Kidnapped by Screen Time

Fresh statistics today! Turns out children and teens in the United States spend an average of seven hours a day using television, computers, phones and other electronic devices for entertainment, compared to an average of three hours a day watching TV in 1999, according to the American Academy of Pediatrics (AAP). Aside from the usual concerns about violent and sexual content, the AAP is worried that this is cutting into time that could be spent on physical, social, and creative pursuits.

Clearly, there’s an argument to made for screen time that is physical, creative and social. Though the first example that comes to mind is how my kids engage in heated social discourse over who gets to sit in the corner spot on the sofa when they’re watching TV, there are great examples of social, physical, and creative exercises fostered by screen-based games. A few that come to mind:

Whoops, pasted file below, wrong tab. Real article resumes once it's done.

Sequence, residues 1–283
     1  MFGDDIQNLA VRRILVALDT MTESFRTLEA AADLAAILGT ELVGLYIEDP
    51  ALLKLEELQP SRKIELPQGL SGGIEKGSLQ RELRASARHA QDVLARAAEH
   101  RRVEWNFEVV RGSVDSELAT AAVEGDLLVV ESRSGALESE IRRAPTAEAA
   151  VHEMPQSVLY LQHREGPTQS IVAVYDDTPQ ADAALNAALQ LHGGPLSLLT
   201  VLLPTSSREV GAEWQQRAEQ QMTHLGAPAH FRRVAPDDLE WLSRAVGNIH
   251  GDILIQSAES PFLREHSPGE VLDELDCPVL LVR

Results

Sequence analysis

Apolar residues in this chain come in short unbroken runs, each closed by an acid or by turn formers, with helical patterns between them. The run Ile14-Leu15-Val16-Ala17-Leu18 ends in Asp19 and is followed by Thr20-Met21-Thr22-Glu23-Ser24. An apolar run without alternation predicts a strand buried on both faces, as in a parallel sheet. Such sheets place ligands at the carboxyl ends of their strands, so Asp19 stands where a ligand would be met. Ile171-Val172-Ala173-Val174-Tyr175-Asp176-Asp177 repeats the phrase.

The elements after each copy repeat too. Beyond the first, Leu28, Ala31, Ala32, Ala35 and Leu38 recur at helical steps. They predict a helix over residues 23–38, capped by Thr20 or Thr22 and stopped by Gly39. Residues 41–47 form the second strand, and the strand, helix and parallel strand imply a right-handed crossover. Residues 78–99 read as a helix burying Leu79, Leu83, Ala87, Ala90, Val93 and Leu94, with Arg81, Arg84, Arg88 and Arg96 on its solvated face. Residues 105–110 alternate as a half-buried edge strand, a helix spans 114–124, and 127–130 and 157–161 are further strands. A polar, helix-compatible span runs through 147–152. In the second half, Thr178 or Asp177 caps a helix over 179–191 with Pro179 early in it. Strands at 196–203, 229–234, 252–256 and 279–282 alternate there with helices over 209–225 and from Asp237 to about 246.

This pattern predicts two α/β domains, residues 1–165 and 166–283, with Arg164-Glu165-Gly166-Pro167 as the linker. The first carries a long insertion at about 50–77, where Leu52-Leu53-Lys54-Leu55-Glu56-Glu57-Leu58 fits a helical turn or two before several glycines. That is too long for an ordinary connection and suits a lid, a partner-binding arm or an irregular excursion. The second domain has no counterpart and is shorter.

To be clear, I’m not trying to suggest that 7 hours/day of screen time is good. In fact, I’m hard pressed to think of anything that’s good for kids for 7 hours/day. What I am saying is that there are great ways to foster creativity, social interaction, and even physical activity without swimming up stream. There’s also a huge opportunity for the private sector to deliver more products that do a better job of making physical activity more compelling through technology that may or may not have a screen attached. I’ll be keeping a close eye on the interwebs and TV (about 7 hrs/day, to be precise) and let you know what I discover along the way.

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